As James Watson, a 1962 Nobel laureate, once said, "If we could make better human beings by knowing how to add genes, why shouldn’t we do it?" The Inamori International Center for Ethics and Excellence at Case Western Reserve University, in conjunction with the Center for Genetic Research Ethics and Law, will explore that question and many others during "Eugenics 2007: Is the Customer Always Right?," a discussion of the ethical issues arising from genetic manipulation.
The forum is open to all faculty, staff and students and takes place from 5-6 p.m., December 5 in the Ford Auditorium of the Allen Memorial Medical Library. Panelists include Case Western Reserve faculty members Eric Juengst, bioethics; Max Mehlman, law; and Georgia Wiesner, genetics and medicine. Gregory L. Eastwood, director of the Inamori Center, will moderate.
Against the background of the Maltz Museum of Jewish Heritage exhibit "Deadly Medicine: Creating the Master Race," the eugenics discussion will delve into options available as a result of the ability to identify and manipulate specific genes before or anytime after birth. Attendees are encouraged to visit The Scourge of Nazi Medicine: the Pernkopf Anatomy Atlas and Eugenics in the Museum Context at the Dittrick Medical History Center on the second floor of the Allen Memorial Medical Library before or after the panel presentation.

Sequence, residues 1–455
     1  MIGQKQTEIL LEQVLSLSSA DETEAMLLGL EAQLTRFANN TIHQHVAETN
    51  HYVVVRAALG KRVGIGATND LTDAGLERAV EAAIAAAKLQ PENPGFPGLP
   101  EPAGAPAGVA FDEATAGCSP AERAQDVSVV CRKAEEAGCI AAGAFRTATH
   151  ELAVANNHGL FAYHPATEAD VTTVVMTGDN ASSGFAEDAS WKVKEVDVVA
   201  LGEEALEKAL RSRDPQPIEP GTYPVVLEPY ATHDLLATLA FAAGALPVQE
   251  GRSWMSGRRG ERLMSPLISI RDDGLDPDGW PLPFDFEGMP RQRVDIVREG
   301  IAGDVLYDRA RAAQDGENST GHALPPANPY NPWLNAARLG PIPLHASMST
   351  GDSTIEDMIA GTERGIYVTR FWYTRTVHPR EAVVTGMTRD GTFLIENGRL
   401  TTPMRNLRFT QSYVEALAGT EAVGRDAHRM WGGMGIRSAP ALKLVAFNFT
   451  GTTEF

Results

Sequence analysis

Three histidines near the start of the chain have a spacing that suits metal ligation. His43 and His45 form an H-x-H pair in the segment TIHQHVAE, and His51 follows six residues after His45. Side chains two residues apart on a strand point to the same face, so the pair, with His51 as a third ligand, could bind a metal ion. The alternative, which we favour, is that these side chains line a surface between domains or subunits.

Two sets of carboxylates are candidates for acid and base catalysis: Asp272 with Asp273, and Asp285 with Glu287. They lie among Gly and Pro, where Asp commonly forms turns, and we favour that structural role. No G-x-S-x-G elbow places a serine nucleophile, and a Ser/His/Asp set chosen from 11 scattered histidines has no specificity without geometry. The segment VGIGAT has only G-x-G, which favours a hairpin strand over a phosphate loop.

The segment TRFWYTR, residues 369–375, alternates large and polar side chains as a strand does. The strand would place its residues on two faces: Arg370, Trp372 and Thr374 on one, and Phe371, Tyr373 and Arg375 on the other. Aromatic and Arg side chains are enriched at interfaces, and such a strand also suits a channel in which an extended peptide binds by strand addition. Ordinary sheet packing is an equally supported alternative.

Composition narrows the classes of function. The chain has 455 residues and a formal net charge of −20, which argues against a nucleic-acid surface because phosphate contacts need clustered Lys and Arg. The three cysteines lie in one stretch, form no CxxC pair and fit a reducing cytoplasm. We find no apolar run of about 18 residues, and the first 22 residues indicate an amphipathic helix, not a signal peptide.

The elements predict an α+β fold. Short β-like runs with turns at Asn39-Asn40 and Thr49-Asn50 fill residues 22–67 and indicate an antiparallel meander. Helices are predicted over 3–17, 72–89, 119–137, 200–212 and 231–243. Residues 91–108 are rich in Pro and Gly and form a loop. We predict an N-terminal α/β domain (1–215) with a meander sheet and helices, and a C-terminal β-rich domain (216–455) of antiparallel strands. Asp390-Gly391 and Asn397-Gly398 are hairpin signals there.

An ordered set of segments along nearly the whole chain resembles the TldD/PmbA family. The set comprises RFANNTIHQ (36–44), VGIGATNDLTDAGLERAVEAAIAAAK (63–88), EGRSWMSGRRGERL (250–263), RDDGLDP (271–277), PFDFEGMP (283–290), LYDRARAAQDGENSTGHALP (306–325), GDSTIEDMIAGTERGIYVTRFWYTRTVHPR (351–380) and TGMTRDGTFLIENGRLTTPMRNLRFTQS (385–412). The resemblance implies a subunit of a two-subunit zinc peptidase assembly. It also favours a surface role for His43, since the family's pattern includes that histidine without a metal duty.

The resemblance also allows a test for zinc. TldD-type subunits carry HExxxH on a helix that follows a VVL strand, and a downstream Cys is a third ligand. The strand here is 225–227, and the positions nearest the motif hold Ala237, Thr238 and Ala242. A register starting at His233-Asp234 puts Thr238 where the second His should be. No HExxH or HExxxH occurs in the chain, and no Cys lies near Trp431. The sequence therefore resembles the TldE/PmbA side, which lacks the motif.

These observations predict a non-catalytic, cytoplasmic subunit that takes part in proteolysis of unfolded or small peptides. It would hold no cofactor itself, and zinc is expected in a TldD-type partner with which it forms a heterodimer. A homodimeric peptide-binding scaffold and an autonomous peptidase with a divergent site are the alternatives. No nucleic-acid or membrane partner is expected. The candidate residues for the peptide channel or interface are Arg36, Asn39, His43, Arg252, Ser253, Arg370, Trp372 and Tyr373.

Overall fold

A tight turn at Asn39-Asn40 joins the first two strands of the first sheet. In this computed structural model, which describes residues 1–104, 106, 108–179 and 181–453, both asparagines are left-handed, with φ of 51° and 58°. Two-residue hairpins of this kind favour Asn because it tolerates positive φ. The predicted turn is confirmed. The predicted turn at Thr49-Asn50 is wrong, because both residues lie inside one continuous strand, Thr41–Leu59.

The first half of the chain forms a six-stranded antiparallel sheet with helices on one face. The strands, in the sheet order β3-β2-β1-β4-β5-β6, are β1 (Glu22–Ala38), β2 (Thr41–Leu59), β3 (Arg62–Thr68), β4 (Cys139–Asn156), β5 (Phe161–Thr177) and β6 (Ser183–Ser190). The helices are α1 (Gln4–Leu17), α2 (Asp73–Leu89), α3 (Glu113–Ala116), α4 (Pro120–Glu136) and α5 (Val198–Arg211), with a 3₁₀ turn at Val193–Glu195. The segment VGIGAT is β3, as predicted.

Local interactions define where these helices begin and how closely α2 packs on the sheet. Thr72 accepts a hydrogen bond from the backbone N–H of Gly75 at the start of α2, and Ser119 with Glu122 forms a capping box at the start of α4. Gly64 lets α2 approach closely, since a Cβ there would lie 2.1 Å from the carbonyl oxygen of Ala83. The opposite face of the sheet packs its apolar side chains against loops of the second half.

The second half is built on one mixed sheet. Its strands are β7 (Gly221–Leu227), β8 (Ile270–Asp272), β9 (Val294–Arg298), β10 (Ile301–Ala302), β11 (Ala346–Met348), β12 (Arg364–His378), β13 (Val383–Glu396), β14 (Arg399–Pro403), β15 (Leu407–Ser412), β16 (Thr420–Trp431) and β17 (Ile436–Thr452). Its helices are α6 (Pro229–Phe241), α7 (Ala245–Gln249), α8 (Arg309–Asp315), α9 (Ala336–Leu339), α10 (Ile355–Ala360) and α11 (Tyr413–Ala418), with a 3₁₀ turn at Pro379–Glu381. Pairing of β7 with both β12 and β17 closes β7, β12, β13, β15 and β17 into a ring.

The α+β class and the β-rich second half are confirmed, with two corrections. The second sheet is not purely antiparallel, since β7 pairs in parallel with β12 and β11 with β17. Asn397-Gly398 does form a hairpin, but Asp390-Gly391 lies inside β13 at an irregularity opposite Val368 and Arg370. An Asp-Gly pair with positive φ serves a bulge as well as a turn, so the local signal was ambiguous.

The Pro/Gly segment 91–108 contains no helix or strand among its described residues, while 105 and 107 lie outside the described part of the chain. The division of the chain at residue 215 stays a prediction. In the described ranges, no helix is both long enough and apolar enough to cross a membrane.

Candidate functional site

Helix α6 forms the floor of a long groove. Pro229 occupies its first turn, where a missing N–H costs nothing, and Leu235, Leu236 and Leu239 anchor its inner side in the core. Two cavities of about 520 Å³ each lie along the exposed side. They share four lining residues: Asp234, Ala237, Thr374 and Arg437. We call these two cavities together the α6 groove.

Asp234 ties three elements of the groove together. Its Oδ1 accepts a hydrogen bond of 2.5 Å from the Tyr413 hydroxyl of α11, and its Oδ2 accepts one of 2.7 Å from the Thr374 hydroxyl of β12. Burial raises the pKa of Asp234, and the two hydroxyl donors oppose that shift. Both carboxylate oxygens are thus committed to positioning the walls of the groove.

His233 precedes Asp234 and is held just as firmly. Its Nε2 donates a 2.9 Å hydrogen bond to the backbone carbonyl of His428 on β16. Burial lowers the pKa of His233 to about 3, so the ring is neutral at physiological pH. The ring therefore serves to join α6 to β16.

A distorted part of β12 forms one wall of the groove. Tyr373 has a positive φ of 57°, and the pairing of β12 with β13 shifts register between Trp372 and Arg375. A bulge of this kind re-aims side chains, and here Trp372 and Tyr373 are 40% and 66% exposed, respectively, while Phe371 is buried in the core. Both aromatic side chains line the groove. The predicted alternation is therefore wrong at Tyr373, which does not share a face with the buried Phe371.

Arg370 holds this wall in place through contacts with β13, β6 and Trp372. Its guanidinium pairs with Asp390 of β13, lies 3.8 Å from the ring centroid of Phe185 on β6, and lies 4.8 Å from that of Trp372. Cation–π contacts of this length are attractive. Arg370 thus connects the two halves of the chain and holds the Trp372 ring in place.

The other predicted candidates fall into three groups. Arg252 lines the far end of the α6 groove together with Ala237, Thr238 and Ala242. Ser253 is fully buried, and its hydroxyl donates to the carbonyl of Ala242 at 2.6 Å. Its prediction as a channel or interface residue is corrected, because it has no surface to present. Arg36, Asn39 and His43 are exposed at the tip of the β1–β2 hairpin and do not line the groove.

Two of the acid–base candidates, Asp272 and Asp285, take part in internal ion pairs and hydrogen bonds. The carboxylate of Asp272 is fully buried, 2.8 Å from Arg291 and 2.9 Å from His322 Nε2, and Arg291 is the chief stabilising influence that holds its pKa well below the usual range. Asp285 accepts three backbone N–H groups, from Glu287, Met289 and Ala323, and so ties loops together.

"Deadly Medicine: Creating the Master Race," is on loan from the United States Holocaust Memorial Museum and on display at the Maltz Museum of Jewish Heritage through January 20, 2008, along with a locally created companion, "Where Would You Draw The Line?"
Case Western Reserve University is committed to the free exchange of ideas, reasoned debate and intellectual dialogue. Speakers and scholars with a diversity of opinions and perspectives are invited to the campus to provide the community with important points of view, some of which may be deemed controversial. The views and opinions of those invited to speak on the campus do not necessarily reflect the views of the university administration or any other segment of the university community.